How much does long-term care insurance cost?
Research has shown that many of us both underestimate the risk and cost of long-term care and overestimate the cost of protecting ourselves with long-term care insurance.
With research showing that approximately 7 out of 10 American’s aged 65 or over will need some form of long-term care services during the remaining years of their lives, many people have turned to products like long-term care insurance to protect themselves against this potential catastrophic cost.
Many survey responders who chose not to buy long-term care insurance (and have therefore chosen to self-insure a risk that could be well over $300,000 per year per person) cited the cost of insurance premiums as a primary reason not to buy. Granted, long-term care insurance isn’t affordable for everyone but it is generally less expensive than most people believe and there are ways to minimize premiums.
First, it’s important to understand that long-term care insurance premiums for newly purchased policies increase with age. To state it another way, the older you are when you buy the more this insurance will cost. It’s also worth noting that this product is medically underwritten and the older you are the more likely you will be to have a medical condition that will prevent you from buying insurance or that will cause you to pay higher premiums.
Secondly, there are basically four (4) major components to designing a long-term care insurance policy that drive the cost. Each of these can be changed to impact the cost of your policy. They are:
- Your daily or monthly maximum benefit. This is the amount that the insurance carrier will reimburse you for care received each day or with more flexible plans, during a given month. Selecting a lower daily or monthly benefit, will lower your premiums however you may also be “choosing” to co-insure part of the future risk.
- Lifetime maximum – stated in a number of years. This option is usually stated as 2, 3, 4, 5, 6, etc. years. It’s very important to understand that the lifetime benefit you select does NOT limit you to that number of years. This option is only used to establish your pool of money (benefits). Someone who selects a $6,000/month benefit and a 5 year lifetime maximum benefit will start with a $360,000 pool of money ($6,000 x 12 x 5). Benefits paid to the policyholder are deducted from that pool without regard to the number of years. So this plan could last a lot longer if the claimant is using less than $6,000 per month.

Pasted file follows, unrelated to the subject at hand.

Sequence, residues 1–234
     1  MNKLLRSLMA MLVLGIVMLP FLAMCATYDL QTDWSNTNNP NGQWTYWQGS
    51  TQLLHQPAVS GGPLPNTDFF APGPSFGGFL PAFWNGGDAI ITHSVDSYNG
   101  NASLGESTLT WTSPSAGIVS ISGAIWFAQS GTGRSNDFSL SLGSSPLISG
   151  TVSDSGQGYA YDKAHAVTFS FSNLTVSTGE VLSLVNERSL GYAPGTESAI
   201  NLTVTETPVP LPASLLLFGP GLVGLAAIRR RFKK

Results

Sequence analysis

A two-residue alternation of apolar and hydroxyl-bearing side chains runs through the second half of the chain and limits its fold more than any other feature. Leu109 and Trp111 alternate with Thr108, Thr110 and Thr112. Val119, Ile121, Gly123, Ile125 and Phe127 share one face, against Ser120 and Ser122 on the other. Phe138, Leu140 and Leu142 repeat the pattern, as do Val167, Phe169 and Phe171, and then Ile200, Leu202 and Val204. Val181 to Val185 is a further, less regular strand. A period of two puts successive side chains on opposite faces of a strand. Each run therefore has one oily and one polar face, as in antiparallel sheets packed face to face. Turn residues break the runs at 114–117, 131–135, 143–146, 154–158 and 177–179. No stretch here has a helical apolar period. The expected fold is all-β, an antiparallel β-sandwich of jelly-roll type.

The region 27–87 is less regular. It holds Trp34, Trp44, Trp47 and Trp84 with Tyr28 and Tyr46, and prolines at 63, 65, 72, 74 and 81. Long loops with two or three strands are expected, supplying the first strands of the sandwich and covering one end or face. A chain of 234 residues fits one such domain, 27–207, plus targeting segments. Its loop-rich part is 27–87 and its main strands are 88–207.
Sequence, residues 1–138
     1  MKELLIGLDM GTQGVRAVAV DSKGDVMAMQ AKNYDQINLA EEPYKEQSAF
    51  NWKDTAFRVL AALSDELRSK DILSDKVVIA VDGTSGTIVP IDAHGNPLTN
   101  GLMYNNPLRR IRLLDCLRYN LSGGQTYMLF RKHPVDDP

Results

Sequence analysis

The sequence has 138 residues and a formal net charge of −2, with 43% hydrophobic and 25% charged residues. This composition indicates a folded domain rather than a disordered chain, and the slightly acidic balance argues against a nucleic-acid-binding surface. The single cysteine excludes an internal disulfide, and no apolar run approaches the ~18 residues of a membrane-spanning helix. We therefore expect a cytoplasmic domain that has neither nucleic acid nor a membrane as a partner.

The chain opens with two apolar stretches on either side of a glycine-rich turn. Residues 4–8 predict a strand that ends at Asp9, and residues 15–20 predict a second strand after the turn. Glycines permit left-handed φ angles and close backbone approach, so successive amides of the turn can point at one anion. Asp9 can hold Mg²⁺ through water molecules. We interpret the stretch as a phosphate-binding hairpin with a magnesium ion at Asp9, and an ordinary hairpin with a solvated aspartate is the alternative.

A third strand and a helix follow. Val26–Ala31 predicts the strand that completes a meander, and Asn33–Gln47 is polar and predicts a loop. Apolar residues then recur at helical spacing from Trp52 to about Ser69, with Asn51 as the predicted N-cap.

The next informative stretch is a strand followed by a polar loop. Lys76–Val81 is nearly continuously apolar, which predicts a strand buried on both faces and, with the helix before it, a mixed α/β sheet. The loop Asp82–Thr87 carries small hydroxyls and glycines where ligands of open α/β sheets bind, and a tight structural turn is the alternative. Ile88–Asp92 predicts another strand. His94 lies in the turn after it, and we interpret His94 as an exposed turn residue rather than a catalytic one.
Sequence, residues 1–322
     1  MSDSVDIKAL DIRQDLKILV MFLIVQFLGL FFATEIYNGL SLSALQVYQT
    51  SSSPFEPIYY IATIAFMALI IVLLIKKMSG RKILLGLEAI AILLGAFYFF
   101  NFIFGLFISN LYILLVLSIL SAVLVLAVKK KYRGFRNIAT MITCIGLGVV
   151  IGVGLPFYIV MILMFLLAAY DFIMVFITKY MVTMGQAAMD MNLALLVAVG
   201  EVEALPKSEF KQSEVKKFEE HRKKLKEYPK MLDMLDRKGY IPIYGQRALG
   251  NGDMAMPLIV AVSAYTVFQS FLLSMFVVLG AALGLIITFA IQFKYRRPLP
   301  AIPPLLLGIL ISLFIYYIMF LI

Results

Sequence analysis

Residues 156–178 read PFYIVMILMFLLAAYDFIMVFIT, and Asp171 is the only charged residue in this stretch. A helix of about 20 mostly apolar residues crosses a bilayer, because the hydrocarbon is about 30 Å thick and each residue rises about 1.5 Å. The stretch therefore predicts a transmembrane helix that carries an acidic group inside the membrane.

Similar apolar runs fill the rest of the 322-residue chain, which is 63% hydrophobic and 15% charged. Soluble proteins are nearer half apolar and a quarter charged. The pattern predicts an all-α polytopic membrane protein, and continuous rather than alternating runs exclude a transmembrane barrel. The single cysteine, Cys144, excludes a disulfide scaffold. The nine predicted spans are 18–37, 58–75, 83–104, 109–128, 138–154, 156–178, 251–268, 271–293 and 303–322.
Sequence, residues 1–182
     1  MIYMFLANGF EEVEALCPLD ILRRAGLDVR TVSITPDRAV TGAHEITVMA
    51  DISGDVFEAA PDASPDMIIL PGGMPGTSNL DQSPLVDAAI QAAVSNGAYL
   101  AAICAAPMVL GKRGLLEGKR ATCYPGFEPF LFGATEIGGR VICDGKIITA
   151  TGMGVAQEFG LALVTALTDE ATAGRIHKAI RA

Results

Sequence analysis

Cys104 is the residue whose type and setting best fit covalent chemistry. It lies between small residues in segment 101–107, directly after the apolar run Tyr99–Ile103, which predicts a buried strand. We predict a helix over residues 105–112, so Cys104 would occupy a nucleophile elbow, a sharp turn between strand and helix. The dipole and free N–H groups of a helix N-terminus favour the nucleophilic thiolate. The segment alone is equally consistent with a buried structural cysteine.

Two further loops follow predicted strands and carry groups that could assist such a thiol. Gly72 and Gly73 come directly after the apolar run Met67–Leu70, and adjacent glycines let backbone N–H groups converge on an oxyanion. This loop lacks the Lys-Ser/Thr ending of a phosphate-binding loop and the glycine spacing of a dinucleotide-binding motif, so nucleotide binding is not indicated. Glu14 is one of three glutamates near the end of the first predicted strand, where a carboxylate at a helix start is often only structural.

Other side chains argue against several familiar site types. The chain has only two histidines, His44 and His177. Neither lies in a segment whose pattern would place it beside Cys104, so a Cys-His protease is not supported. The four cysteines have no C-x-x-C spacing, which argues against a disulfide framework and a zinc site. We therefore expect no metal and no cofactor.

- Elimination Period. The Elimination Period (EP) is like a deductible but stated in terms of days instead of dollars. The EP, usually expressed as 0, 30, 60, 90, 120, 180 or 360 days is the period of time once you are certified to be on claim that you will have to wait until the insurance company will begin paying your claim. Obviously the longer the EP the lower your premiums will be.
- Inflation protection. Many people are buying long-term care insurance in their 50’s and are most likely to use their policy in their 80’s. Companies offer various inflation options for that will inflate both your daily/monthly benefit as well as your lifetime maximum (pool of money). Some of these options can be very expensive however many insurance companies offer more affordable options that may suit your needs. Your LTC insurance specialist can also show you how purchasing a larger benefit up front with a lower inflation option may actually save you money.
Finally, you may be eligible for discounts on your policy based on your membership in an association (e.g., alumni associations and professional groups).
You and your long-term care specialist agent can manipulate all of these features to design a policy the meets your needs and fits your budget. There are also many other options available in these policies to tailor the policy to your particular desires.
Remember… you will never be younger (so rates won’t be less expensive) or healthier (rates go up with medical conditions or you may not be able to qualify) and you can take control of your policy design and premiums.